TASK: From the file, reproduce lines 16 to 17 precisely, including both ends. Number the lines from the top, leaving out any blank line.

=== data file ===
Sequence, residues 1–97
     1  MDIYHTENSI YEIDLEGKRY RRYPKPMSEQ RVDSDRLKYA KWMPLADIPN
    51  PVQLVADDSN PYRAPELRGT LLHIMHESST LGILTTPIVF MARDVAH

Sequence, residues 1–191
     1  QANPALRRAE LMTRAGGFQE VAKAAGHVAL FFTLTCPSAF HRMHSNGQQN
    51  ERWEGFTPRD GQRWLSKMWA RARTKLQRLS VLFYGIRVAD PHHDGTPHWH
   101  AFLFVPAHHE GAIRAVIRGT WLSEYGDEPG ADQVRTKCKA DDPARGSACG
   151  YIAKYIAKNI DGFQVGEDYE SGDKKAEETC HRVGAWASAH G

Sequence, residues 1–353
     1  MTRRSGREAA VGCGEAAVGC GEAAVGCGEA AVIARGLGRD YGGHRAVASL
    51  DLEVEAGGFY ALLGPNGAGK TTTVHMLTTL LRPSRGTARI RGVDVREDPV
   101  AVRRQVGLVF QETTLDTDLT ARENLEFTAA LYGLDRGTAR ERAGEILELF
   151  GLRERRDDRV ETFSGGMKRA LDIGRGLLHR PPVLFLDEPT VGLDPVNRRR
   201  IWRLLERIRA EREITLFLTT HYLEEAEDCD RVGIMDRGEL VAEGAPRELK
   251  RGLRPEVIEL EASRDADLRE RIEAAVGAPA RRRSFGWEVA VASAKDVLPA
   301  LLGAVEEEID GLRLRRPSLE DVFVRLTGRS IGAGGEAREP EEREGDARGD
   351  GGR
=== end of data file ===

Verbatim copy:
   301  LLGAVEEEID GLRLRRPSLE DVFVRLTGRS IGAGGEAREP EEREGDARGD
   351  GGR